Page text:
Fearless Friendships: What You Must Remember

The offer was terrifying, but I couldn’t figure out why. My long-time friend told me years ago that I should meet her sister. Apparently, her sister and I have incredibly similar mannerisms and an outrageous sense of humor.

On many occasions my friend has said she thinks her sister and I may have been separated at birth. This has been an ongoing discussion for 18 years.

Time Marches On

Now, a lot happens in 18 years. Think of where you were 18 years ago. Most, if not all, of us were in a totally different stage of life then.

Looking back over the last 18 years of friendship, my friend and I have experienced many life changes and challenges. Some years we’ve lived close enough to provide hands-on support.

When we lived far apart, technology allowed us to stay connected. Like many long-lasting friendships, ours has been characterized by highs and lows, laughter and tears, and changes that have required us to adapt or adjust because that’s what friends do.

We hope that those who know us best will be willing to adapt, adjust, and accept us as we are . . . the good, bad, and ugly. However, that great hope comes crashing down when trusted friends betray our trust or refuse to wade through hard stuff with us.

The pain and isolation that often comes with betrayal can rock our worlds. Buried pain changes us . . . it doesn’t disappear . . . it remains very much alive in every human, hurt soul.

One of the Enemy’s greatest weapons is unresolved, unhealed pain. It keeps us . . .

  • Distracted
  • Afraid
  • Negative
  • Self-focused
  • Easily embittered
  • Short-tempered

We tend to . . .

  • Blame
  • Isolate
  • Become sarcastic
  • Often adopt a bitter, victim mentality

Additionally, we exhaust others by focusing on what happened to us instead of running to Jesus (who was thoroughly betrayed). When our focus is set on self-protection, we forget how transformative it can be to work through pain.

Closed Quarters

Years ago, I experienced the loss of some trusted and valued friends. It was a devastating, dark season. So much so that I buried the pain instead of talking through it with my long-time friend.

After that dark season years ago, I chose to believe I didn’t have time for friends. I told myself that friends took time and energy I didn’t have and caused problems I didn’t want. (See how our thinking can get distorted?) Instead, I invested in my work, new marriage, and growing children.

My loved ones observed that I was closed to connecting outside the home. Funny thing . . . I never thought my resistance was noticeable. I was consumed with investing in those I love and the work I was doing—great reasons (excuses) for not making time to reach out.

The Offer

Back to my long-time friend who faithfully extended herself on several occasions. Her sister—my “twin”—was finally coming to town after 18 years. Would I go and meet her? Talk about being conflicted.

As I drove up to my friend’s house, they were both standing at the door with open arms, giggling with delight. Truth be told, the video of us meeting is extraordinary. Exactly as they said, our mannerisms, humor, body language down to head and hand movements were so similar.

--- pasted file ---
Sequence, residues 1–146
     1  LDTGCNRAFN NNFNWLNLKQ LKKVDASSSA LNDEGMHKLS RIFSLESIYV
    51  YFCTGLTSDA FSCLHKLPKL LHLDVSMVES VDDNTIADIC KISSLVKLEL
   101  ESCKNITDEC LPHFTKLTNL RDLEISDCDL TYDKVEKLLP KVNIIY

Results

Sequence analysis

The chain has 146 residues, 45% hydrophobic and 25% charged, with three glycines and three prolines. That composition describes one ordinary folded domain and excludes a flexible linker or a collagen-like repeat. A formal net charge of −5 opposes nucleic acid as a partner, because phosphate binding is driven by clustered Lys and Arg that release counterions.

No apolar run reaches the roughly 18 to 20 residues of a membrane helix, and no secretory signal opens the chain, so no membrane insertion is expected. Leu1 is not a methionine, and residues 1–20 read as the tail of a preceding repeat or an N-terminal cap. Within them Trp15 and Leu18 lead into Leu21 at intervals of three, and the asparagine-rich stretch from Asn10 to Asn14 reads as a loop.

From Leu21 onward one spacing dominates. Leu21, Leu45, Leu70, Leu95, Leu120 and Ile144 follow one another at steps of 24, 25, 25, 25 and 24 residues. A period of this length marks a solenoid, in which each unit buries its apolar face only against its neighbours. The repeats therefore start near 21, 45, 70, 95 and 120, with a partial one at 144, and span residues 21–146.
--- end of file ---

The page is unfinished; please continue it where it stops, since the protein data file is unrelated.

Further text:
I swallowed hard and stepped into the space of inner conflict as best I could. For a few hours, I was reminded of the power and value of friendship—something of eternal value we all need and are called to as a community of Christians.

Christian Community
(Image from Pixabay)

Open Hearts, Open Minds

I don’t have this all resolved, but for the first time in 10 years the door of relational pain has been opened. There isn’t a one-size-fits-all map to follow; it’s uncharted territory.

In recent weeks, God’s Word has called me again and again to examine how I love, forgive, and care for those I am in relationship with as He models throughout Scripture.

There isn’t a one size fits all; we certainly are not to bury our feelings but to work through them as God leads.  I’ve turned to the Lord who is the One who heals our hearts.

He understands betrayal, loss, rejection, and deceit. He also calls us into community; to come together, welcome differences, embrace one another as we walk through this life.

I close with Paul’s words to the Galatians:

For you have been called to live in freedom, my brothers and sisters. But don’t use your freedom to satisfy your sinful nature. Instead, use your freedom to serve one another in love. For the whole law can be summed up in this one command: “Love your neighbor as yourself.” But if you are always biting and devouring one another, watch out! Beware of destroying one another.

Dear brothers and sisters, if another believer is overcome by some sin, you who are godly should gently and humbly help that person back onto the right path. And be careful not to fall into the same temptation yourself. Share each other’s burdens, and in this way obey the law of Christ.

Therefore, whenever we have the opportunity, we should do good to everyone—especially to those in the family of faith.

(Galatians 5:13–15; 6:1–2, 10, emphasis mine)

Let Me Hear from You

Whether you have been the one to reject and judge or the one rejected and judged, we are all called and commanded to follow Christ’s model of grace and peace.

For those who have judged, it’s time to make things right, to humble yourself and seek forgiveness.

For those who have faced judgment, it’s time to face the pain and walk into the sorrow. God promises to help and heal those who call to Him.

For the whole Christian church, may we seek to understand one another. May we remember harmony is the result of different voices and tones resounding in unison together.

Will you come with me on this path of healing? What is God calling you to do today? Let’s connect this week.

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